Gotham was not necessarily the breakout hit that Fox had been hoping for when it launched around this time last year, but it drew enough of an audience to be graced with a second season regardless. The first season suffered a bit from an identity crisis: it wanted to be a cop drama set against the dark world of Batman, but without Batman or any of his familiar villains. Sure they appeared to varying degrees, with Penguin being the most central to the plot, but there seemed to be a strong push to keep the comic book influence out of a show which got most of its brand recognition from said comic. It was an odd choice, to say the least, and it resulted in viewers dropping the show. After all, without the comic book trappings Gotham is just another police procedural in a sea of police procedurals.
The season two premiere has decided to make a tone shift towards what you would better expect from a comic book series. That does not mean we are suddenly going to Arrow or Flash levels of adorably cheesy superhero action sequences, but it does mean that the Batman rogue’s gallery is going to be better represented. There is still Penguin, of course, with Victor Zsasz as his lead enforcer, and Selina Kyle (Catwoman) apparently joining his merry gang of bandits. Edward Nigma (the Riddler) is slowly descending into madness after the events of last season, and I imagine we can expect to see his persona shifting to something even darker this season. There are also two new villains added so far, Theo and Tabitha Galavan, who do not have any comic connections that we know of yet (DC claims Tabitha is based on Tigress, but that is pretty flimsy even by Gotham standards).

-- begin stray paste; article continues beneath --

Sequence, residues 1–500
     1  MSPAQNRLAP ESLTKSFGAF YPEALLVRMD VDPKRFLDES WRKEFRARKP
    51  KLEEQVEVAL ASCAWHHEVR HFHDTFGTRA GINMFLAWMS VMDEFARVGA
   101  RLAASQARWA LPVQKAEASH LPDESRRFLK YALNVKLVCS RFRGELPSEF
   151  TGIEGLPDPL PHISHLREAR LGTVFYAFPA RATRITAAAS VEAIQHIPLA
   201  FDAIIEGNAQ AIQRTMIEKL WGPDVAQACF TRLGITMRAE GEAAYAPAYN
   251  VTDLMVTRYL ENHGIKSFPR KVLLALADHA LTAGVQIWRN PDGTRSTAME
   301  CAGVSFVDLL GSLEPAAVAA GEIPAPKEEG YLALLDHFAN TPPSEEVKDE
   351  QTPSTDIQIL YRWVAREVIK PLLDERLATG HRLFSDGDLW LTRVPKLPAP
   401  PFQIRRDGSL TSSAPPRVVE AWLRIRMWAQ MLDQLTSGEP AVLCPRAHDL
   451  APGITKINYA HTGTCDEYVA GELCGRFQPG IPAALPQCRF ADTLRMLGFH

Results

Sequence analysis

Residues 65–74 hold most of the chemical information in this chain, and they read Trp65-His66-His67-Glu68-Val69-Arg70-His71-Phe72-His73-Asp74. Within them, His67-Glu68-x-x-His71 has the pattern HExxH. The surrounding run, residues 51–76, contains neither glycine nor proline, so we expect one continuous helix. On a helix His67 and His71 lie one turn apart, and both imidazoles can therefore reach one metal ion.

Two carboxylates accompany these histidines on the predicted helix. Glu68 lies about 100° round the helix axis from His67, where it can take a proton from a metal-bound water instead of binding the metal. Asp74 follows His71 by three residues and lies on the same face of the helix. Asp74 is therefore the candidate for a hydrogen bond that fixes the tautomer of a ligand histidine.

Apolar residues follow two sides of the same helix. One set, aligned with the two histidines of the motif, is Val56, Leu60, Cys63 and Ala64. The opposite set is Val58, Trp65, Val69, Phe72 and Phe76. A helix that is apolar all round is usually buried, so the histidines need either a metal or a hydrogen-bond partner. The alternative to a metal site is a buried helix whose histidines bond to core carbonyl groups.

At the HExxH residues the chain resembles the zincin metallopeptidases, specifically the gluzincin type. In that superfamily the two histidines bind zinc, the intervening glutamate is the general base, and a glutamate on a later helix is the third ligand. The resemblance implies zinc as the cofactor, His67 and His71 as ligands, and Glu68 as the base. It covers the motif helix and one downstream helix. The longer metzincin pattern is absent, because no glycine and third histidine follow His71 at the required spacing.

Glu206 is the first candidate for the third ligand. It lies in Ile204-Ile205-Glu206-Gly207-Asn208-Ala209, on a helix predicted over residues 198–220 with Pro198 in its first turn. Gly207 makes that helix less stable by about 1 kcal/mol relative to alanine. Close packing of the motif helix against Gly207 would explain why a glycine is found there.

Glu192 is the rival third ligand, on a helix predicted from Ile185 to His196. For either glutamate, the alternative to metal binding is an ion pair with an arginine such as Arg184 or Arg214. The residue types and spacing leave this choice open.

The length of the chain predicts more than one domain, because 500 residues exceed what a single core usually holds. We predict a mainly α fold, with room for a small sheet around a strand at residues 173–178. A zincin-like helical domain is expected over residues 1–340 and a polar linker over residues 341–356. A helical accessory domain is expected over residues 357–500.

But what about the Joker? After all, what is a Batman book without a Joker? Let us ignore for the moment that the Joker is not really supposed to have an origin story (this is why he tells different stories in The Dark Knight) and instead focus on Jerome Valeska. Even if it turns out Jerome is not going to be the Joker proper he is certainly filling the basic role of the character here. Actor Cameron Monaghan certainly has some big shoes to fill with the role, but based solely on his performance in this episode I think it is safe to say that he has captured the Joker rather well. He seems to be using the Jack Nicholson version of the character as his template, but you can certainly see some Heath Ledger and Mark Hamill in there, too. He pretty much steals every scene he is in — which wasn’t necessarily true for his appearance in season one — and I, for one, am super excited to see what he does with the role this season. Whether or not he will ever actually truly be the Joker in Gotham is up in the air, but at this point he doesn’t need to be.
Since we are already talking about crazy let’s go ahead and discuss Barbara Kean, Jim Gordon’s on-and-off love interest from season one, and now certified psycho-murderer. Her characterization was… inconsistent in season one, which the writers seem to want us to believe was always part of the plan, but I honestly think they just didn’t know what to do with her for half the season. Now, though, she is locked in Arkham (for most of the episode, anyway) alongside our budding Joker prototype. Even though it is not explicitly stated at this point, there seems to be a strong sense that she is something of a stand-in for Harley Quinn, Joker’s sometimes-girlfriend. I think there is a lot of mileage to be had from that angle, and I honestly look forward to seeing where they are going with her story — something I decidedly could not say last season.